Thursday, June 23, 2011


This year I cheated. I bought some tomato starts from Carpinito's nursery. Lucky me, this Oregon Spring tomato is now fruiting! I did attempt to grow these from seed but the first set died from damping off in the seeding tray, and those 3-inch pots at the nursery were very tempting. I up-potted the starts into gallon containers when I got them home and slowly hardened them off until the frigid snap ended.
I begin my experiment in irrigation. We are trying out drip hoses, snaked throughout the garden. Soon, I plan to set up a timer to get the garden watered early in the morning. I hope this new approach to watering will free up more time to relax and play with the kids in the yard. Those white tents you see are frost blankets shielding the cucumber, pepper and tomato plants from the cool winds we have been having.
The peas were looking so beautiful yesterday in full blossom. I expect we will soon have more peas than we can handle. The first set on the left are Wando shelling peas, the second group are snow peas and the third, shorter group on the right (sown about a month after the first two), are snap peas. I am using two fold able, square tomato cages to hold up each group. Yes, they are bush peas, but they are so much neater when they have a bit of structure to hold on to.

The first sign that the Wando shelling peas will soon be ready to eat!
Here, we have two Oregon Spring plants and one Honey Bunch Grape tomato plant settled neatly by the house behind a row of Seascape strawberries. I love this southern spot under the eaves for growing tomatoes. There is even a big bush on the west side that blocks the wind. At night, I have still been covering the tomatoes with a frost blanket just to keep them a bit warmer. I use clothes pins to attach the blanket to the cages,and landscape pins anchor it to the ground. In the morning I just tuck the blanket under the strawberries.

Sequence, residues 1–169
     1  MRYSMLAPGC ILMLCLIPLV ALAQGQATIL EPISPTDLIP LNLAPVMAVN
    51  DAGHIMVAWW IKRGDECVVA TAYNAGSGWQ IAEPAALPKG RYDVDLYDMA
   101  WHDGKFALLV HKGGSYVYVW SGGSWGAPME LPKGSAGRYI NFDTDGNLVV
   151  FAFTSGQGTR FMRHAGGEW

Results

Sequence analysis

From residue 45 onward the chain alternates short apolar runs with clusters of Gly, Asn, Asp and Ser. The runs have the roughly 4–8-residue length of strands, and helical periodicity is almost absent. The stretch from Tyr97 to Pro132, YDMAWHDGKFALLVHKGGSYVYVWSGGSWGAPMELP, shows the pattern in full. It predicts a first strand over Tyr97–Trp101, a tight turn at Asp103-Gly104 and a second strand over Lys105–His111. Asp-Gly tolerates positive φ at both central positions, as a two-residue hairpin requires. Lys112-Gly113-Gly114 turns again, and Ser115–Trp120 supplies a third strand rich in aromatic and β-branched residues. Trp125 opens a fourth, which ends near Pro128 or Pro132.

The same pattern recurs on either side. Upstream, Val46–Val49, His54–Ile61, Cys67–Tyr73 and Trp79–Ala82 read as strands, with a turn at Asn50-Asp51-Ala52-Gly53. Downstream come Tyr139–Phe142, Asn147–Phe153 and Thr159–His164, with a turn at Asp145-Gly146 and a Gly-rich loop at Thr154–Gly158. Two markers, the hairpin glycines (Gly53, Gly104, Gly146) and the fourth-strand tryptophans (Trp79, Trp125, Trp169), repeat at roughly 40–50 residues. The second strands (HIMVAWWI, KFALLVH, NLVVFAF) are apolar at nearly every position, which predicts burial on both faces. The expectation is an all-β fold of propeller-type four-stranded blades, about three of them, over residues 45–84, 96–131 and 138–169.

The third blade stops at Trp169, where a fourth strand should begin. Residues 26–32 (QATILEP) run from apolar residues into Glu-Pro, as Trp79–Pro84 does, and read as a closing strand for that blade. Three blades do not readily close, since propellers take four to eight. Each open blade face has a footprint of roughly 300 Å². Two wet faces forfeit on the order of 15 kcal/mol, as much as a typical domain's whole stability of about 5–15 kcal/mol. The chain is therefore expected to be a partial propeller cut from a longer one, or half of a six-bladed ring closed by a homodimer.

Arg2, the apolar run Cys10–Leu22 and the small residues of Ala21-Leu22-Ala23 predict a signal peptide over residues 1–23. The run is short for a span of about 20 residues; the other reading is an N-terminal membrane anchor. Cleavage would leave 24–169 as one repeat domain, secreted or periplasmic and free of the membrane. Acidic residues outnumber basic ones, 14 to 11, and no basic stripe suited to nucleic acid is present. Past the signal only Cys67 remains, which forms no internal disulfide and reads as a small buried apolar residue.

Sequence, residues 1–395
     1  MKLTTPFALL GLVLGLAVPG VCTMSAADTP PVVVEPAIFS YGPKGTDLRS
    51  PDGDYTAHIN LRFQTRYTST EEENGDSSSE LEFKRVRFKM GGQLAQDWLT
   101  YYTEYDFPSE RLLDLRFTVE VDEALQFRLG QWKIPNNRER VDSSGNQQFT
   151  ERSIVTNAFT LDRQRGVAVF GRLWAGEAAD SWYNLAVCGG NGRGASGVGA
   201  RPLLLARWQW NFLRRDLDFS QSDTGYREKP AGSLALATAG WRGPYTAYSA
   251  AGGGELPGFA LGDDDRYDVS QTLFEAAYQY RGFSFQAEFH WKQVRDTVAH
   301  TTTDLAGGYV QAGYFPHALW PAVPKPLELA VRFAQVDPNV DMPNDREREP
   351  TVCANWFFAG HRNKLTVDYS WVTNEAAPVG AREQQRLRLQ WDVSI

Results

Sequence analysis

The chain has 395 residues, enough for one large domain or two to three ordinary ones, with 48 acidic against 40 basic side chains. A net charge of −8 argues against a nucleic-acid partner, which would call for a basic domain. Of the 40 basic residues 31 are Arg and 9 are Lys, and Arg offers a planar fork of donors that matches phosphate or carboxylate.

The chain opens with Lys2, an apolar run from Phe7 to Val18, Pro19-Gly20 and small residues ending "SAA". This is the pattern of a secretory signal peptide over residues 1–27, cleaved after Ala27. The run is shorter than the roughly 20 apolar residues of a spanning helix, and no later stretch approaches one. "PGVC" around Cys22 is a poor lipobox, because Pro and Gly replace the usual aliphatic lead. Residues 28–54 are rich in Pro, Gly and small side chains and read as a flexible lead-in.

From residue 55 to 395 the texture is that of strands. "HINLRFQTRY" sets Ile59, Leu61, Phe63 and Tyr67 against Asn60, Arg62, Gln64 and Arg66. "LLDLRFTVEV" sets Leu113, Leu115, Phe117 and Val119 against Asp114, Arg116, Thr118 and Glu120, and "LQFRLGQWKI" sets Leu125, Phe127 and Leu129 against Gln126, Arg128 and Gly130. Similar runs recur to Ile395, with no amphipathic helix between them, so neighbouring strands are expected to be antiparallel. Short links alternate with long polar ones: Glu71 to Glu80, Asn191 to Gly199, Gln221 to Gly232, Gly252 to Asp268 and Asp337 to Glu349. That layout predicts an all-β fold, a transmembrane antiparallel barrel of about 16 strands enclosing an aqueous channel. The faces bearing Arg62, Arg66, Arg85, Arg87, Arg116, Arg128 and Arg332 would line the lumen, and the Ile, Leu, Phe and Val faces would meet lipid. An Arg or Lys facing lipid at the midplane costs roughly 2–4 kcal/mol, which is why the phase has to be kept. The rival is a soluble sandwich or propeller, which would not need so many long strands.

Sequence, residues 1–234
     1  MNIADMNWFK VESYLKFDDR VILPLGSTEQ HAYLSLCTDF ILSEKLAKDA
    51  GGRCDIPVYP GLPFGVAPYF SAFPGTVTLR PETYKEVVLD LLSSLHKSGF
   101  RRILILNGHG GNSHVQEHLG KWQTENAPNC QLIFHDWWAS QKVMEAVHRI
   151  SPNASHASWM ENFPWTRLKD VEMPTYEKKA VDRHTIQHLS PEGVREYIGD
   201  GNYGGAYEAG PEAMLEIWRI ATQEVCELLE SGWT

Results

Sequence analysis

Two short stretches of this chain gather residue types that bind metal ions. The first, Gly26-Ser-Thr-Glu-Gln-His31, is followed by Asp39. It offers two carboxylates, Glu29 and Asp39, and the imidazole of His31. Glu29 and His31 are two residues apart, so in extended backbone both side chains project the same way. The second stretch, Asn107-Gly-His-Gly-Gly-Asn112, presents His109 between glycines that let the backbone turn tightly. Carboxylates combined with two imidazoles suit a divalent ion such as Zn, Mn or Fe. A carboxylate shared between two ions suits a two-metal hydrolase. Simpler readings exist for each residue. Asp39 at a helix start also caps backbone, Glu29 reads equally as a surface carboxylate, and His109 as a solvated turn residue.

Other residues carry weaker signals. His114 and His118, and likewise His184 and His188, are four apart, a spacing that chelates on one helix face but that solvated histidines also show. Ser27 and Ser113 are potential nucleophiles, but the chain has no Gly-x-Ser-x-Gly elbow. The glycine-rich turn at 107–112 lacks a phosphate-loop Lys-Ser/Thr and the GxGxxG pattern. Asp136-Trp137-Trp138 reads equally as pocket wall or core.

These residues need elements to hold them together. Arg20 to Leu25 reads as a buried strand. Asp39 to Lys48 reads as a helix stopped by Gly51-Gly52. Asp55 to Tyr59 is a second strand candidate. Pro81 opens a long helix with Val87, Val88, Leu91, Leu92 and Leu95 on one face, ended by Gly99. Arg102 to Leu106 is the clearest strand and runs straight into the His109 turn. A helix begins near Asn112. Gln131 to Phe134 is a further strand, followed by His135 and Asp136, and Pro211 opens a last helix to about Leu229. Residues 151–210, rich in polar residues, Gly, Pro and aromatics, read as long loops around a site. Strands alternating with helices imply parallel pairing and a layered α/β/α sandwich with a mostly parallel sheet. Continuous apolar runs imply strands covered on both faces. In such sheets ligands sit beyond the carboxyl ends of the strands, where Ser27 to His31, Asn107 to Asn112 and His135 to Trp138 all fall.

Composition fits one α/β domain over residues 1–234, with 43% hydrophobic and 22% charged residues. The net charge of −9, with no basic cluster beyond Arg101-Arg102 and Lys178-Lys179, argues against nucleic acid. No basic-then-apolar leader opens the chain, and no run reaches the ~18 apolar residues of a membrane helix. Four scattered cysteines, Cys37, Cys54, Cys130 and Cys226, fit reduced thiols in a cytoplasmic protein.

I would like to report that we have had a few large bowls of salad, one topped with a few snow peas. The kids and I have kept the strawberry rows freshly harvested. It's hard to get a truly ripe strawberry as my little helpers don't mind the slightly tart ones and eat them up before they get that super sweet taste that I love.

We have also planted the following:

green zucchini
yellow zucchini
rainbow swiss chard
bulls blood beets
lemon cucumber
green slicing cucumber
sweet peppers-Hungarian Wax, Italian Sweet
Genovese basil
summer savory
green onions
bush beans-tri-color-mix
scarlet runner beans
Cascade Delight raspberry plants

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